The phenomenon of resonant tunneling through thin metal films with periodic narrow grooves is attributed to excitation of the surface plasmon (SP) via the periodic groove structure coupler at the metal surface. In this paper, we will use the particle-in-cell (PIC) plasma simulation method to study this SP-mediated optical tunneling. The PIC method is a time-domain scheme to calculate self-consistently the interaction between the electromagnetic fields and the plasma particles. At the beginning of simulation, the mobile electrons and immobile positive ions are uniformly distributed in the thin Gaussian-shaped-grooved silver film with the plasma density calculated from silver's plasma frequency. The momentum collision-frequency method is employed to model the collision dissipation. For normally incident TM-polarized wave, the transmission coefficients have the maximum values at the LSP resonant modes, similar to the results predicted by Drude model, except for with lower transmission coefficients. Due to the electron dynamics considered in the PIC method, the plasma energy and the trajectories can be monitored during the simulation. The change of the averaged plasma energy with time exhibits some ripple-like patterns, which comes from various competing processes of heating and cooling. But the temperature of the plasma has little effect on the transmission coefficient and the wave tunneling.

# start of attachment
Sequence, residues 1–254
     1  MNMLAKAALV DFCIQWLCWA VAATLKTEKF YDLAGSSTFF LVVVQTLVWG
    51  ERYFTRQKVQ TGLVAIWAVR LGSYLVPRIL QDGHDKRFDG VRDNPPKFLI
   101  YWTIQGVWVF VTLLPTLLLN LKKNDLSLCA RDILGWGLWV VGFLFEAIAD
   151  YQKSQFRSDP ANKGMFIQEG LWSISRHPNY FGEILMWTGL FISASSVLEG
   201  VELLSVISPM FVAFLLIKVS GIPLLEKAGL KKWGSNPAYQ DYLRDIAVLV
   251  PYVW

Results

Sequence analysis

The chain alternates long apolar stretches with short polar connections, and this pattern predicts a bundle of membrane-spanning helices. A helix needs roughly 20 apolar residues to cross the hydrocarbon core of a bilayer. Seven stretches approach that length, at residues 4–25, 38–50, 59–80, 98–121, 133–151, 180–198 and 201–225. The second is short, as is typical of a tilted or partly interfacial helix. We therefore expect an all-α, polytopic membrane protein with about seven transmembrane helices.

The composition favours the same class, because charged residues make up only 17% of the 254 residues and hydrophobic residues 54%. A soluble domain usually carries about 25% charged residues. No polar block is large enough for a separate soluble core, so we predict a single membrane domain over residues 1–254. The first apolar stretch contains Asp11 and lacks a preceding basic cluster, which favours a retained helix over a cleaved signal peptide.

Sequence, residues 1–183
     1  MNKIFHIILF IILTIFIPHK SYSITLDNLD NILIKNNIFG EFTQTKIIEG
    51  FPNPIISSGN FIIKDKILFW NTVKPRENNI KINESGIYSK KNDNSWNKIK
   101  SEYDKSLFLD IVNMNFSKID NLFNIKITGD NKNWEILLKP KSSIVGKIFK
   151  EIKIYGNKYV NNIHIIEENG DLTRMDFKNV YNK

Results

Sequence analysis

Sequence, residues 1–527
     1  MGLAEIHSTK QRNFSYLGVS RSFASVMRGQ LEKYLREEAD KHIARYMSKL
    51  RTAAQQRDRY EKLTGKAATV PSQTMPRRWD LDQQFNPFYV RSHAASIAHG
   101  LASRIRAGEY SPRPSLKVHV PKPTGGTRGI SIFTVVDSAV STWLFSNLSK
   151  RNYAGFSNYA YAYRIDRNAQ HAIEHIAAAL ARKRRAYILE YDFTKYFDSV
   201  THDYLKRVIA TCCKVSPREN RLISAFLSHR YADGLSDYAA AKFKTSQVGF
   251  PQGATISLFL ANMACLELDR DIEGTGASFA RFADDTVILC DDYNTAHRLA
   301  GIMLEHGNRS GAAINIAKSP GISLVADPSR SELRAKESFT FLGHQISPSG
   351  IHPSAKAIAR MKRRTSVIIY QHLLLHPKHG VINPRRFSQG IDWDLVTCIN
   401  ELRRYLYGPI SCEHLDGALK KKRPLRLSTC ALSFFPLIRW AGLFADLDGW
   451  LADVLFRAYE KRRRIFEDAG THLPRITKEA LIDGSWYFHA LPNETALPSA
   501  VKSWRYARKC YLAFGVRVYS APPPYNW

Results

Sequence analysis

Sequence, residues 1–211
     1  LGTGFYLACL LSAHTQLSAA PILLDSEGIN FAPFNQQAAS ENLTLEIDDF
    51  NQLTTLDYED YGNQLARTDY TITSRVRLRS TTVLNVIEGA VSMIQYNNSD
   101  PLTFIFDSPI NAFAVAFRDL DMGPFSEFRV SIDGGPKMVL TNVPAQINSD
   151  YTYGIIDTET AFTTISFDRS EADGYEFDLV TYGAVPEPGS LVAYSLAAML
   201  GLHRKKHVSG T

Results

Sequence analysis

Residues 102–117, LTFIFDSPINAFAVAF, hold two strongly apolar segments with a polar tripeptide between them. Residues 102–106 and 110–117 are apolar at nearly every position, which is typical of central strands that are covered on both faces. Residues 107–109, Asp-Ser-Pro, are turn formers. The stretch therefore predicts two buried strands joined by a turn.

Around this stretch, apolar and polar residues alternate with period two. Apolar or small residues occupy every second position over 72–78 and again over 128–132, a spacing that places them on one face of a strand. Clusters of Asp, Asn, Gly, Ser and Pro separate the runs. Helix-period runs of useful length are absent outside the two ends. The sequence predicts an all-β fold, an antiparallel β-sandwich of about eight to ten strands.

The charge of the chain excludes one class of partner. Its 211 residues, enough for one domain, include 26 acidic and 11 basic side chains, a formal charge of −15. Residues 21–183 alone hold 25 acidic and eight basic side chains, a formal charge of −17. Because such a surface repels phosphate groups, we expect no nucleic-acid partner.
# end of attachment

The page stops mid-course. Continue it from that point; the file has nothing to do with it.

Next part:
|頁（從 - 到）
|Proceedings of SPIE - The International Society for Optical Engineering
|Published - 2005
|Plasmonic Nanoimaging and Nanofabrication - San Diego, CA, United States
持續時間: 2005 8月 3 → 2005 8月 4
All Science Journal Classification (ASJC) codes